Junior quarterback Mark Farris knows the storyline has been played out before: Coveted high school quarterback gets drafted by a major league team and decides to play baseball, only he's buried in the minors, quits after a few seasons and returns to his other love, football. For example, Chris Weinke, a former first baseman in the Toronto Blue Jays organization, performed so well in the role that after batting .248 over six seasons, he went to Florida State and won a national championship and then a Heisman Trophy at 28.
Farris, now in his second season as the Aggies' starter after five years in the Pittsburgh Pirates' system, would love to do the same. "Am I really the second coming of Chris Weinke?" jokes Farris, 26, who is married and the father of a six-year-old daughter, Kameryn. "Actually, I think the whole age thing is way overplayed, but what can I do? Of course, it would be great if it all turned out the way it did for Weinke. Like him, I came back to play and be part of something special. Remember, no one predicted Oklahoma would win it all last season except for Oklahoma."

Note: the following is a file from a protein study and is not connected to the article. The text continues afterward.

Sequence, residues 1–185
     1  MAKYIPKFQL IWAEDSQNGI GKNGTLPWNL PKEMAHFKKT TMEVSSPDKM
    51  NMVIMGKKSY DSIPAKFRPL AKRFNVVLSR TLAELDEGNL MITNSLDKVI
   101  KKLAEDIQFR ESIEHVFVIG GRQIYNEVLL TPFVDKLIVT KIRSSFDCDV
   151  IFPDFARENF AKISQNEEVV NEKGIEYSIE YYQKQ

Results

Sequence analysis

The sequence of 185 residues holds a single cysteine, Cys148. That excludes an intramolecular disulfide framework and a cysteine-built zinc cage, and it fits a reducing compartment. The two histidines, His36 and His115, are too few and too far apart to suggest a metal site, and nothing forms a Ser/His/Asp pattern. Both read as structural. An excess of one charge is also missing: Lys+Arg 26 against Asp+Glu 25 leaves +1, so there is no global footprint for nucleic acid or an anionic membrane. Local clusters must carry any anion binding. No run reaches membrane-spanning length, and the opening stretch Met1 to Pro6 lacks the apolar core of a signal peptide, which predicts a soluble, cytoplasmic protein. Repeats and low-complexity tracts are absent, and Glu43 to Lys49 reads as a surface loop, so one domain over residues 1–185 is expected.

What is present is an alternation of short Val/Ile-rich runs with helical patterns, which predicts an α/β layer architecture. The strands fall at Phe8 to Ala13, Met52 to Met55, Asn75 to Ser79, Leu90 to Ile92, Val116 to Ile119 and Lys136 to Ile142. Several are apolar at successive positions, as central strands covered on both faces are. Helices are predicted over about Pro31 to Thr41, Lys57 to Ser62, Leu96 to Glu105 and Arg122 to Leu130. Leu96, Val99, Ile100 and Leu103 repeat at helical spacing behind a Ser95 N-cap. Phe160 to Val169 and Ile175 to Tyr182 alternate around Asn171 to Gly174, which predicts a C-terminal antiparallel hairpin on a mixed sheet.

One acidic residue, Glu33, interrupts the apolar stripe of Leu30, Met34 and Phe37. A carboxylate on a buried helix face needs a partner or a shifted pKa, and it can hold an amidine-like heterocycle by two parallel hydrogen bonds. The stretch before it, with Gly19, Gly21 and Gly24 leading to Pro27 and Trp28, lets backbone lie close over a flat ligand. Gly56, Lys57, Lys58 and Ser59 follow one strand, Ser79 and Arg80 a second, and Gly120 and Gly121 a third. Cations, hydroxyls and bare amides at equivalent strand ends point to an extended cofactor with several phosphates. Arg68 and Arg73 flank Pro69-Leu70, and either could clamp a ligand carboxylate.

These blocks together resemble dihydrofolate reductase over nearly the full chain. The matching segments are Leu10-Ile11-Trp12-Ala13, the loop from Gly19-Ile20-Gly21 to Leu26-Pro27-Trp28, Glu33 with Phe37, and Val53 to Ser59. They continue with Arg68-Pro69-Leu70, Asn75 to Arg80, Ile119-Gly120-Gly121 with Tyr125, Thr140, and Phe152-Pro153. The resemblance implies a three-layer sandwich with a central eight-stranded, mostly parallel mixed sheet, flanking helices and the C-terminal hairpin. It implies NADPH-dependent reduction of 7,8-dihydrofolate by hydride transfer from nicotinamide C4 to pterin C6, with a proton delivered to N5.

The Aggies don't have the firepower to match the Sooners' turnaround, not with the departure of bulldozing fullback Ja'Mar Toombs and crafty wideout Robert Ferguson to the NFL. Still, with 11 returning starters A&M should be in the thick of the Big 12 title chase when November showdowns against Oklahoma and Texas roll around. The Aggies should get quality rushing yards out of sophomore Richard Whitaker and junior Joe Weber, who will have an All-America candidate, center Seth. McKinney, helping clear a path for them. At wideout, senior Bethel Johnson returns after finishing second on the team with 42 catches (440 yards).
The Wrecking Crew defense, which gave up 17.8 points per game in 2000, will rely on junior cornerback Sammy Davis (four interceptions) and junior nosetackle Ty Warren (16 tackles for loss and five sacks) to help it improve on last year's 7-5 finish. "Don't be fooled for a second by our record last year," says coach R. C. Slocum. "A couple of key losses [to Colorado, 26-19, and Oklahoma, 35-31] did us in and weren't a true reflection of what this team was."